WEC: Webber bags first-ever championship in Bahrain thriller
MARK Webber and his fellow racers in the #17 Porsche 919 Hybrid – Brendon Hartley and Timo Bernard – have taken the 2015 World Endurance Championship after an enthralling, rollercoaster final race of the season, the Six Hours of Bahrain.
Webber, 39, had never previously won a championship of any description.
Struck down with engine issues whilst leading early, Webber and his teammates fought back with some spirited driving only to be hit again with problems in the final hour.
Ultimately, their championship triumph was determined by the efforts of Neel Jani, Marc Lieb and Romain Dumas in the #18 sister Porsche to grab their first race win of the 2015 season from the rival title contenders, Marcel Fassler, Benoit Treluyer and Andre Lotterer in the #7 Audi R18 e-tron quattro.
It was so desperate, so tight.
The weekend started with a flourish for the #17, Hartley and Bernhard combining to take the crew’s fifth consecutive pole.
Bernhardt duly jumped out to a strong lead, but thoughts of an easy run to the title ended abruptly after half an hour when #17 limped to the pits with throttle actuator problems. It re-joined after almost nine minutes with a makeshift repair – plastic cable ties saved the day – but more than four laps down.
After that, and as day turned to night, the trio went flat-out in a glory-or-bust effort from way back.
Webber took over from Hartley with 2.5 hours remaining, but there was yet another cruel twist. In the last hour, #17 was forced to make another unscheduled pit stop with an actuator problem, but it clung on to fifth at the finish.
Up front, after a titanic battle, the #18 Porsche consolidated its lead over the #7 Audi, crucially taking vital championship-influencing points away from Fassler, Treluyer and Lotterer.
After eight rounds of a brilliant WEC, the winning margin in the drivers’ standings was a mere five points.
“Today clearly shows the qualities of the team,” said a delighted, yet relieved Webber, a champion (officially) at last. “We have had some very smooth days this year, but we executed the victories with clinical precision.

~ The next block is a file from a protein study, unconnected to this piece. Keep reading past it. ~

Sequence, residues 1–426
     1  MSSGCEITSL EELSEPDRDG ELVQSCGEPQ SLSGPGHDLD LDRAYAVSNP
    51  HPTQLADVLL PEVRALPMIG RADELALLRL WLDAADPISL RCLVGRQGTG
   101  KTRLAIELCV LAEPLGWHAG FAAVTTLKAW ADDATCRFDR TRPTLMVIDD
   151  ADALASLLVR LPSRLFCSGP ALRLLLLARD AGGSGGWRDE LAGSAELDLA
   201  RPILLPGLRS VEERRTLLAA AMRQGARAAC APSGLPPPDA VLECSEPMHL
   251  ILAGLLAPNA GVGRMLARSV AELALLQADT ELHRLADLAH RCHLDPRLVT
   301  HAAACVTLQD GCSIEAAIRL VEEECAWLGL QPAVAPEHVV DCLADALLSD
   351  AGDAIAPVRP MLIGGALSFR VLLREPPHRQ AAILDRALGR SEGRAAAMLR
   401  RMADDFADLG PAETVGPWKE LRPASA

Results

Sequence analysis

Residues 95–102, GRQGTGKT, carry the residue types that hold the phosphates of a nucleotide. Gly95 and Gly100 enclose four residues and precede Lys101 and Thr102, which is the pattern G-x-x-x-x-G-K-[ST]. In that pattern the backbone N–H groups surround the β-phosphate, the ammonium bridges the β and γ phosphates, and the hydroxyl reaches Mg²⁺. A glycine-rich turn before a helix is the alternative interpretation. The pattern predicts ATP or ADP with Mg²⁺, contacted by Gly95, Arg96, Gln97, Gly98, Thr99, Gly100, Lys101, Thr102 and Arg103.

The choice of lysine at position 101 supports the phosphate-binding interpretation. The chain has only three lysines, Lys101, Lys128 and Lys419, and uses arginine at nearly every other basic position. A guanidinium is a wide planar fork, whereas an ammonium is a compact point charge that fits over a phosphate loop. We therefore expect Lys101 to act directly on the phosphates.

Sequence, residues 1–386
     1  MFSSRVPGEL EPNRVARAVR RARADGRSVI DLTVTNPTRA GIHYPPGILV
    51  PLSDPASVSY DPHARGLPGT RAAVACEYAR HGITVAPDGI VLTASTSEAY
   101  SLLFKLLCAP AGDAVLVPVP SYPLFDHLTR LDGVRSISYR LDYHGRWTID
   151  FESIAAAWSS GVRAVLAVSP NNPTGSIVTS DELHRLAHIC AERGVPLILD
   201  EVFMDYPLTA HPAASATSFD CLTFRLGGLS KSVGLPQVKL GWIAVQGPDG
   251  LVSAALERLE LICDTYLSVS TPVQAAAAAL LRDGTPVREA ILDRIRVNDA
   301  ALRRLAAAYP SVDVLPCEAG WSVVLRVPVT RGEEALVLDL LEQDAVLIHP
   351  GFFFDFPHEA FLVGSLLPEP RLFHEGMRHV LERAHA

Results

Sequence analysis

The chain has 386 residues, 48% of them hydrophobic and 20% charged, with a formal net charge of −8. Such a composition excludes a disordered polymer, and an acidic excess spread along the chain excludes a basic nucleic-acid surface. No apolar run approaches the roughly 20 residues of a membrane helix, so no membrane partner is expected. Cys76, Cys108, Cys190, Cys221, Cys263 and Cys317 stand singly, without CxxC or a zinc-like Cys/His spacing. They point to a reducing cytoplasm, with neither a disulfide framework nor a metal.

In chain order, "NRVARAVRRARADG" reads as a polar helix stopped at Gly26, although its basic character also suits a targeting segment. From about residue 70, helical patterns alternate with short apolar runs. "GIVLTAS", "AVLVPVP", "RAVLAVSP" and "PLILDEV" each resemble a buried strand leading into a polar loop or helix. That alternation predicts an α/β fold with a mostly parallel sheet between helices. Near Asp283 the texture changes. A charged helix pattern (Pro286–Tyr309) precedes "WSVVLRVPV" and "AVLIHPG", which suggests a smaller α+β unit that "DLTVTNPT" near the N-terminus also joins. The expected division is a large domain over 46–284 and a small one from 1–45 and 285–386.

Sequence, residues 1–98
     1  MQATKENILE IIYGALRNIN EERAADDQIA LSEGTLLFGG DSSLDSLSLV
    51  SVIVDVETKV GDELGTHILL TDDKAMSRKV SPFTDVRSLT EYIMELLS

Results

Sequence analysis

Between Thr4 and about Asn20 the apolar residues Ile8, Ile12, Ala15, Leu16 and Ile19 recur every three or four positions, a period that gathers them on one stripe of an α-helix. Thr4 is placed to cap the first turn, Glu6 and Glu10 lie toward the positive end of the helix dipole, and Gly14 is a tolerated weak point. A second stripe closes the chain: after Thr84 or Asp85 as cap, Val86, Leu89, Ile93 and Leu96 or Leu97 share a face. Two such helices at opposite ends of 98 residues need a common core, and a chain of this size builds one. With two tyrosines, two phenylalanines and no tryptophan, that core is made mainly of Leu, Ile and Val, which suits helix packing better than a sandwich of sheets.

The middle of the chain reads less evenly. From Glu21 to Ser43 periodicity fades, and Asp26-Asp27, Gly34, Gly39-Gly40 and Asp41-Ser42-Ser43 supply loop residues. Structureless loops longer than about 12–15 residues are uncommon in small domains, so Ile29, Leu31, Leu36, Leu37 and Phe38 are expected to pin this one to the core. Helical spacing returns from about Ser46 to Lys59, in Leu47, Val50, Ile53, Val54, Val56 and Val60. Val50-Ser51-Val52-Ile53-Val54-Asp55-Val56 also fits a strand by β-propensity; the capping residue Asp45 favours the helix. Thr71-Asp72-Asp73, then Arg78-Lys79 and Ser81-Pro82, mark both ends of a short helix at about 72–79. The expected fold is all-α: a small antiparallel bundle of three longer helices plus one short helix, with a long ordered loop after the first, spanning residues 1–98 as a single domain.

“Today was about fighting as hard as possible. You saw the spirit of the mechanics; you saw the spirit of the drivers. I cannot thank the mechanics enough.
“The pit stops we had in the garage were extremely stressful. It’s amazing that we were able to win the world championship under pressure like this. I am so proud to be world champion with Timo and Brendon, and with Porsche.”
Although inevitably competitive wherever he raced, the WEC marks Webber’s first championship victory.
Okay, he did win the 1996 Formula Ford Festival in the UK, but that and not a true title series.
He attracted notice with a fourth in the 1995 Australian Formula Ford Championship, and was second the following year in the British Formula Ford Championship, finishing that first season abroad with a win in the Formula Ford Festival.
Webber became an official Mercedes works junior driver for the 1998 FIA GT Championship, alongside reigning champion Bernd Schneider. The pair won five of the 10 rounds on their way to second in the overall standings, beaten to the title by teammates Klaus Ludwig and Ricardo Zonta by just eight seconds in the final race at Laguna Seca. Eight bloody seconds!
In 2000, he was runner-up in the International Formula 3000 Championship.
In Formula One he was a contender but third-place finishes in three grand prix seasons were his rewards in the top category.
Ultimately, Webber became disenchanted with modern F1 due to politics, the need to manage tyres designed to wear out after a dozen laps, and the reliance on team-mandated strategy rather than balls-out competition. He exited and headed for the challenge of the World Endurance Championship.